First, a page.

There are so many layers to this masterpiece (and I hope that it will be the show Lord Webber is most remembered for) that it would take hours to explain and debate its significance. Controversial or not it is hard not to imagine what Jesus would be thinking or feeling if he were an ordinary 33 year old man placed in such an extraordinary position. And this comes from someone who has never seen a staged production but pictures in his minds eye while he listens to the music without the visual. It must be magnificent (as long as it is not the 1973 film adaptation that I found to be horrible).

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Six Little Engines That Tried

Tonight was the episode of “American Idol” that I have been waiting to see since season two. Not because it featured music from the Andrew Lloyd Webber songbook but that a good question was posed to a certain British judge whom everyone admires greatly: “Given the rather negative comments you pose to performers who would be better suited for the Broadway stage how does one approach these songs?” Mr Cowell responded: “Make them memorable yet contemporary.” A rather cryptic response if ever there was one.

Six contestants remain. Those who were familiar with the songs showed it and those who were less familiar showed it (perhaps even more so).

Syesha Mercado started the evening with “One Rock & Roll Too Many” from Starlight Express. Not being extremely familiar with the show, I cannot say too much about it. However, the bluesy rendition was quite nice.

The next contestant, Jason Castro, did not fare as well. Even Lord Andrew commented that he never thought he would see the day when “Memory” would be sung by a young man in dreadlocks. The composer even provided a bit of background into the character from Cats who performs the song (“a rather old glamour puss”). Jason looked like the proverbial deer in the headlights on stage.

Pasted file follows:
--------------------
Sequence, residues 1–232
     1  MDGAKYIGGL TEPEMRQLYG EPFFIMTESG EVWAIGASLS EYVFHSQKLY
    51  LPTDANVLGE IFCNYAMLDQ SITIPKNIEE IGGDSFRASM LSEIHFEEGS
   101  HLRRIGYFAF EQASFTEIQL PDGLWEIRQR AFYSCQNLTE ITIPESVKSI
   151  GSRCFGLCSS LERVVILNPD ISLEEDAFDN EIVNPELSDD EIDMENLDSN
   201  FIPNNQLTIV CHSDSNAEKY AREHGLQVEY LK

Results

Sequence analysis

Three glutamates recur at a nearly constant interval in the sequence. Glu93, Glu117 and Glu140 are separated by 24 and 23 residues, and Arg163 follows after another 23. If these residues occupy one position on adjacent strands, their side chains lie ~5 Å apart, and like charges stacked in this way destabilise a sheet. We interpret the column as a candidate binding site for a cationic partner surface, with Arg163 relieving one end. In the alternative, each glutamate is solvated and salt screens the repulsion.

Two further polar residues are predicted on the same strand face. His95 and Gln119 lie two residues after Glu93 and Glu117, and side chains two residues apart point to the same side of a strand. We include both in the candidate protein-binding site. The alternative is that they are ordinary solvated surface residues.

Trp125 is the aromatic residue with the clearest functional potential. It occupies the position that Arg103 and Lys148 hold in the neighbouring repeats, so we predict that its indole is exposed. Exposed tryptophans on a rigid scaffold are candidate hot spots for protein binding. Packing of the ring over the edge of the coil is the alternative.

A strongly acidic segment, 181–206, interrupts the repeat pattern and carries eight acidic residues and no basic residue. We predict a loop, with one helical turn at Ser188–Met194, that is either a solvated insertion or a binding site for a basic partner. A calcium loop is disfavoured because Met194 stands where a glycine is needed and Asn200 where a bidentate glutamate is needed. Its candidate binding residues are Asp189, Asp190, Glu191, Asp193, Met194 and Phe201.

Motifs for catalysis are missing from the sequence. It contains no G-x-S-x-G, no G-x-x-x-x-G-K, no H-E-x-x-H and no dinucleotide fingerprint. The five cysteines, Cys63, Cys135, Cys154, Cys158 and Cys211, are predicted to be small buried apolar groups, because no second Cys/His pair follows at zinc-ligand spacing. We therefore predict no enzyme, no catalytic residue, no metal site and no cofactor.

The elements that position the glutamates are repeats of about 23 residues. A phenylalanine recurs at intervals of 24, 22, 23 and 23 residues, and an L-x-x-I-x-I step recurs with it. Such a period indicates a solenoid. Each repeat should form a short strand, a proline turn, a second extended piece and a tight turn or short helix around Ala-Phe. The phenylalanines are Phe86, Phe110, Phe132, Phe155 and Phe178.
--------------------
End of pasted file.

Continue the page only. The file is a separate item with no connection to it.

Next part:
The halftime performer, Brooke White, also had difficulty. The song “You Must Love Me” was composed by Lloyd Webber and Tim Rice for the movie version of Evita. It is sung by Eva Peron (played by Madonna) on her deathbed. Unfortunately, Brooke lost her lyric in the first line, stopped, apologized, and started over. I’m not sure if this would be allowed in an actual audition but to do so on a television show which is seen by (reportedly) millions of people each week takes some degree of chutzpah.

The “contestant to beat” this year, 17-year-old David Archuletta, chose to take a diva song of nearly operatic proportions and turn it into a boy band pop ballad. Lloyd Webber wrote the role of Christine in Phantom of the Opera specifically for his wife at the time, Sarah Brightman. For a young man to change such a song with the composer sitting in the audience watching and listening takes a great deal of courage. However, good ol’ Simon did not find the performance especially memorable.

The Irish female rocker, Carly Smithson, decided to change her song from “All I Ask of You” to the title track of Jesus Christ Superstar. A wise choice on her part.

However, the final performer did not choose wisely. Male rocker David Cook attempted to sing “Music of the Night.” The rendition was as unimpressive as the movie version of Phantom of the Opera. I was hoping he would chose a song better suited to his rock sensibilities, but he decided to go a different route and it just did not work.

I guess I found half of the performances enjoyable. But as Lord Andrew told most of the contestants: you must know not only what you are singing but also what you are singing about. Find the meaning behind the words.